Cardiovascular Branch, Division of Intramural Research, National Heart Lung and Blood Institute, National Institutes of Health, Bethesda, MD, 20892, USA. Division of Cardiology, Department of Medicine, Johns Hopkins University School of Medicine, Baltimore, MD, USA.Cardiovascular Branch, Division of Intramural Research, National Heart Lung and Blood Institute, National Institutes of Health, Bethesda, MD, 20892, USA.Cardiovascular Branch, Division of Intramural Research, National Heart Lung and Blood Institute, National Institutes of Health, Bethesda, MD, 20892, USA. Biophysics and Biochemistry Branch, Division of Intramural Research, National Heart Lung and Blood Institute, National Institutes of Health, Bethesda, MD, USA.Cardiovascular Branch, Division of Intramural Research, National Heart Lung and Blood Institute, National Institutes of Health, Bethesda, MD, 20892, USA. Institute of Biomedical Engineering, Bogazici University, Istanbul, Turkey.Cardiovascular Branch, Division of Intramural Research, National Heart Lung and Blood Institute, National Institutes of Health, Bethesda, MD, 20892, USA.Cardiovascular Branch, Division of Intramural Research, National Heart Lung and Blood Institute, National Institutes of Health, Bethesda, MD, 20892, USA.Cardiovascular Branch, Division of Intramural Research, National Heart Lung and Blood Institute, National Institutes of Health, Bethesda, MD, 20892, USA. Medstar Washington Hospital Center, Washington, DC, USA.Cardiovascular Branch, Division of Intramural Research, National Heart Lung and Blood Institute, National Institutes of Health, Bethesda, MD, 20892, USA. Biophysics and Biochemistry Branch, Division of Intramural Research, National Heart Lung and Blood Institute, National Institutes of Health, Bethesda, MD, USA.Cardiovascular Branch, Division of Intramural Research, National Heart Lung and Blood Institute, National Institutes of Health, Bethesda, MD, 20892, USA.Cardiovascular Branch, Division of Intramural Research, National Heart Lung and Blood Institute, National Institutes of Health, Bethesda, MD, 20892, USA. herzkad@nih.gov.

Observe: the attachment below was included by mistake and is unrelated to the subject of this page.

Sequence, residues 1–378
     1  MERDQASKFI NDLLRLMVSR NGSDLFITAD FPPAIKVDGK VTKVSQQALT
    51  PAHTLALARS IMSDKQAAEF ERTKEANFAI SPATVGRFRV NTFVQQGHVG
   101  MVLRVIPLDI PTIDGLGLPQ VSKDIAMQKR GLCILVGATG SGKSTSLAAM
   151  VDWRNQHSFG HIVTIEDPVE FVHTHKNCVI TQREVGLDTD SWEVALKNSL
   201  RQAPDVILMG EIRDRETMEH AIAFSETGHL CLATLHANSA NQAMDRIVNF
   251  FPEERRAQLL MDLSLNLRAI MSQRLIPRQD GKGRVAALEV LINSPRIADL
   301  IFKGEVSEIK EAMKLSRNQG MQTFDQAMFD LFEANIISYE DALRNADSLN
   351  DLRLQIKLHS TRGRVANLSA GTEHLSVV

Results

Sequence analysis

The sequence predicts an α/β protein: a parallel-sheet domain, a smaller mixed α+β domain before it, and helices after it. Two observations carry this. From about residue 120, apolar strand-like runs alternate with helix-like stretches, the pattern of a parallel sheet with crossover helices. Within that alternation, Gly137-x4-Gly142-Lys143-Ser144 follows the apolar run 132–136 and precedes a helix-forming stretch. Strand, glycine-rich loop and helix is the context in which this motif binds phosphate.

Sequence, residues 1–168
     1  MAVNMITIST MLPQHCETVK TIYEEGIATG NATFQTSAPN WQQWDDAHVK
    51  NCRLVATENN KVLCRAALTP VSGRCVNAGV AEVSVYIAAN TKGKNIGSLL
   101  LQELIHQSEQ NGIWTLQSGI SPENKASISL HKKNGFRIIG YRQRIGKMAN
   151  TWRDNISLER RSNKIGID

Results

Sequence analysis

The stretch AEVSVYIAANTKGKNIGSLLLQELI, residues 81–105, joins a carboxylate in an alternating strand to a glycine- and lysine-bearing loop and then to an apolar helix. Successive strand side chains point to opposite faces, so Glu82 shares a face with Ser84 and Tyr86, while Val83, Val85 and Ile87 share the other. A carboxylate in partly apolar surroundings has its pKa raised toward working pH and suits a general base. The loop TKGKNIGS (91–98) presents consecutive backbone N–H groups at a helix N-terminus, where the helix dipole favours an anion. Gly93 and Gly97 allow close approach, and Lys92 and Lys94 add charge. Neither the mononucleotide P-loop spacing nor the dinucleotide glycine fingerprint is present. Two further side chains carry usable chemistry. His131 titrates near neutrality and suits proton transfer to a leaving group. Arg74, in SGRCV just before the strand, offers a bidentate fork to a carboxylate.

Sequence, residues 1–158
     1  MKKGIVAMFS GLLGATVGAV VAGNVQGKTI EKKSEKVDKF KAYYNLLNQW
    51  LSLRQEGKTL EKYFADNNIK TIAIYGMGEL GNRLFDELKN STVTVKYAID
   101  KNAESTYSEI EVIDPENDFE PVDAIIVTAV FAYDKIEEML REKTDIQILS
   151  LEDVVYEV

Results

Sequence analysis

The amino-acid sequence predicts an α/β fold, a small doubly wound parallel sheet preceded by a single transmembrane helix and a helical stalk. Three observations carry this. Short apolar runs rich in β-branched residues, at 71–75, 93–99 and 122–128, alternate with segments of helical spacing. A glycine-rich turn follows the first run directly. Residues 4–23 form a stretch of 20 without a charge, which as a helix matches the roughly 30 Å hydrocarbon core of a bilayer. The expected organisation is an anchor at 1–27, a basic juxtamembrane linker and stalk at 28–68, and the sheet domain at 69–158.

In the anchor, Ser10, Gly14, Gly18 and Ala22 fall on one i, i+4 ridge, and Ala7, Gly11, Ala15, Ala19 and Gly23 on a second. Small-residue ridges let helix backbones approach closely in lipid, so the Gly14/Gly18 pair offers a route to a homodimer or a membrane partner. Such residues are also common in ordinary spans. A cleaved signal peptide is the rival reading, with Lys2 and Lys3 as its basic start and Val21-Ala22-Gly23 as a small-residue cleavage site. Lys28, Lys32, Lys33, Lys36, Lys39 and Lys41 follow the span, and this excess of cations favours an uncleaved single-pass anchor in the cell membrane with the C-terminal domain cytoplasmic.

Pub Type(s)